I’ll get back to hand-drawing soon, but in the meantime…
This design is similar to Sunday sketch #100, which also combined horizontal, vertical and diagonal strips. In that design, the horizontal and vertical strips in each block touched the adjacent blocks, and the overlap between the strips created sawtooth stars.
In this design, the horizontal and vertical strips create crosses, the diagonal strips create Xs, and the blocks are separated by thin spaces. I also tweaked the sizing so that the strips making up the crosses and Xs are a more similar width.
I really like the potential for colour play with this design! I’m drawn to designs that use a limited palette, because I struggle so much to use colour well. So 2 or 3 colours suits me perfectly. Especially in such a simple yet striking design!
In the first version, the Xs overlay the crosses:
In the second version, the crosses overlay the Xs.
These designs could be made into quilt patterns quite easily using strips (rectangles) and triangles. I love the idea of making a reversible quilt with the two different versions on the front and back (but I’m not so in love with the idea of lining them up perfectly for quilting…!).
I try to find inspiration everywhere. When I see an interesting shape or feature, I’ll take a photo of it on my phone or sketch it in my dot pad. I’ve also got a whole Pinterest board of quilty inspiration, along with a folder of screenshots on my laptop.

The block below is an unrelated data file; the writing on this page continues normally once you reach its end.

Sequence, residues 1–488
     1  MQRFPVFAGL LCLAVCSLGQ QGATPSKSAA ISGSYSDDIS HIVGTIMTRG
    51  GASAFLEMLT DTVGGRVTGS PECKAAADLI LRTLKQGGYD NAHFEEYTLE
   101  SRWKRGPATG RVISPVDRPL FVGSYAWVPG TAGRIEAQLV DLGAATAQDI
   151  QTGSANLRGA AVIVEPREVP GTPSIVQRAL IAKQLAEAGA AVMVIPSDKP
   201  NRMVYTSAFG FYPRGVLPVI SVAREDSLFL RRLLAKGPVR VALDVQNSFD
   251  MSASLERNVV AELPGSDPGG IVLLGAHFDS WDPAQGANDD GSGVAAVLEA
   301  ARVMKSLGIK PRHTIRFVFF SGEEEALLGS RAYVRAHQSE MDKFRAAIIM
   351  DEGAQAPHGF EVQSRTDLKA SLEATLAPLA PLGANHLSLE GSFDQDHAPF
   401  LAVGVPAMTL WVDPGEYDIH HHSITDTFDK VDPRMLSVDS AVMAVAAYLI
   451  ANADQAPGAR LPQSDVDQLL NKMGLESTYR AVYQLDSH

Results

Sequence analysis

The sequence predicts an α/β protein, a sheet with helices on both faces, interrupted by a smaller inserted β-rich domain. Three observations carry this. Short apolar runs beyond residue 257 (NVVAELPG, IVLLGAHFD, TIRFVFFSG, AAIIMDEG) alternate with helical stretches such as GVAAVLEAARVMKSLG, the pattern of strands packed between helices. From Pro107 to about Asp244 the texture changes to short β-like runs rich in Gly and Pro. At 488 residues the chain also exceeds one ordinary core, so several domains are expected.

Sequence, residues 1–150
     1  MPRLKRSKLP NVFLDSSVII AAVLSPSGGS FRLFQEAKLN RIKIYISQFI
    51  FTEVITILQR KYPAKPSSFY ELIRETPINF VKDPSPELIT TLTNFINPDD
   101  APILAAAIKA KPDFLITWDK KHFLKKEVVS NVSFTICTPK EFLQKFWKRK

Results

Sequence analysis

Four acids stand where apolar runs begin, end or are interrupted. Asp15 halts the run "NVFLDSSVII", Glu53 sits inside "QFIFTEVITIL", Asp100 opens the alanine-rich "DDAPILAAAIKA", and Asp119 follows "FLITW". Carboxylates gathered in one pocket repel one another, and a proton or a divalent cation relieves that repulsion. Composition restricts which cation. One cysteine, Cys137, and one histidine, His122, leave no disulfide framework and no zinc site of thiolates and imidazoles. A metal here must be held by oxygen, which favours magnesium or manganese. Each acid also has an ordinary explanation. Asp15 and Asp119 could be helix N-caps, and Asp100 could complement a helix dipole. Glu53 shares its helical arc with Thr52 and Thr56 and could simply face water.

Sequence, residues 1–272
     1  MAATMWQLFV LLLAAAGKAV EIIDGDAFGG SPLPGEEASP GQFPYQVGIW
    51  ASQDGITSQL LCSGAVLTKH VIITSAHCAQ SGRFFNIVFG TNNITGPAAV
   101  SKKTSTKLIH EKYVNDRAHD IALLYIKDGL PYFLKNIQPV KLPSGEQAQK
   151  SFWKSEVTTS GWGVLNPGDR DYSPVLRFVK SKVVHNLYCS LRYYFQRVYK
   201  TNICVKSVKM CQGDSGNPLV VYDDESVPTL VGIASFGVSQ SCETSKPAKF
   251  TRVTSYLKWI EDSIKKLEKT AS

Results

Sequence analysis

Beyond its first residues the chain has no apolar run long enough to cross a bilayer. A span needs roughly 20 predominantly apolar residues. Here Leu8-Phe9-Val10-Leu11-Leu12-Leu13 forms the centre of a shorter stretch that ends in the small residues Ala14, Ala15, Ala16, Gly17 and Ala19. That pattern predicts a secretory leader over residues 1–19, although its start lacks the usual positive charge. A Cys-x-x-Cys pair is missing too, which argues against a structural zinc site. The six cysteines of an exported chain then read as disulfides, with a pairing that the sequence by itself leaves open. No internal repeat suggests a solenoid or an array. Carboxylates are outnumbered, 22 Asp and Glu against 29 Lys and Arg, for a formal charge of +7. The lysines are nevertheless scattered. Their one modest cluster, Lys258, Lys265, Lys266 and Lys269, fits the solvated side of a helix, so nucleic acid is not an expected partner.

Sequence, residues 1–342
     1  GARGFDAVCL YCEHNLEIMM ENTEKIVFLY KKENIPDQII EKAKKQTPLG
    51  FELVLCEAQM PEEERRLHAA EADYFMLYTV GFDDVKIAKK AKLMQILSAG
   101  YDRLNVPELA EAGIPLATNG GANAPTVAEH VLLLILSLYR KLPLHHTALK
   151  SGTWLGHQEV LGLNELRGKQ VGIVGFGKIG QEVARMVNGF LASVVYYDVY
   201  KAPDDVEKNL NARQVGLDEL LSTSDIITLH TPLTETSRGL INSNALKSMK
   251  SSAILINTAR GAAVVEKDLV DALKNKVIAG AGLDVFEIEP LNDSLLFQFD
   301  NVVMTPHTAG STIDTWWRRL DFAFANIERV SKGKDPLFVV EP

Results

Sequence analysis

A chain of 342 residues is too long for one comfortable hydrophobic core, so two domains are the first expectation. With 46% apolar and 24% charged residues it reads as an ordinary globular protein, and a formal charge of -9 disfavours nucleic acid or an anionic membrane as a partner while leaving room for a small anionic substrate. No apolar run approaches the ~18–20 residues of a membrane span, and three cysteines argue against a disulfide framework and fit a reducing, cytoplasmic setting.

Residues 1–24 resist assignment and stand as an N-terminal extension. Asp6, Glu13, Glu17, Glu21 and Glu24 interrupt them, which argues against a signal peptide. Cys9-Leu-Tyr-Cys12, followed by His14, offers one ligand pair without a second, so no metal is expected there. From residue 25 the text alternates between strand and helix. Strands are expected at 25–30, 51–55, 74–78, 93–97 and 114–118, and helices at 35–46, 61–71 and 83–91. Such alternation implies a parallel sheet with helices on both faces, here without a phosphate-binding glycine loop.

Recently when reading a New York Times Style Magazine article on couture week in Paris (why not!), I spotted a beautiful design in a short veil in Christian Dior’s autumn 2018 haute couture collection:
Such a simple idea, yet so stunning. I started playing around with it in Electric Quilt 8. I didn’t recreate it exactly, but used the idea as the basis of a cross-based, criss-crossed design. Here’s what I came up with:
In the original, the diamond shapes have a cross at every corner, whereas mine have only 2. It took me awhile to tweak the block design, but I wanted to make sure that the diagonals lined up properly, creating straight lines from one block to the next.
The design works in the reverse colourway too (and at a slightly smaller scale):
Isn’t it lovely?
These blocks could be made using a variety of squares, rectangles and triangles. Paper piecing might help to get the diagonal strips just right.
The repeating shape in this week’s sketch reminds me a little of a churn dash block: it’s got a square in the centre, half-squares around the outside, and lots of sharp points poking out in all four directions… but it’s also quite different.
The repetition of the units also creates fantastic secondary shapes inside. So much movement! I wanted to see how else I could use the same block, so I tiled it normally.
Depending on which way the blocks were made, the repetitive unit could be an X or an (angular) O block. Alternating colours help to differentiate the blocks:
But isn’t it interesting how the block design disappears behind those small squares at the junction between 4 blocks? Those secondary shapes really come to the foreground and push the coloured pieces to the background. It looks less like the sides of each block are a really interesting shape, and more like they’re just straight rectangles overlaid with small squares. What started out as an edgy, quirky block in the top design now isn’t so eye-catching!
These blocks could be made easily using rectangles and triangles. Since a lot of the cutting might be on the bias, you could paper-piece for accuracy.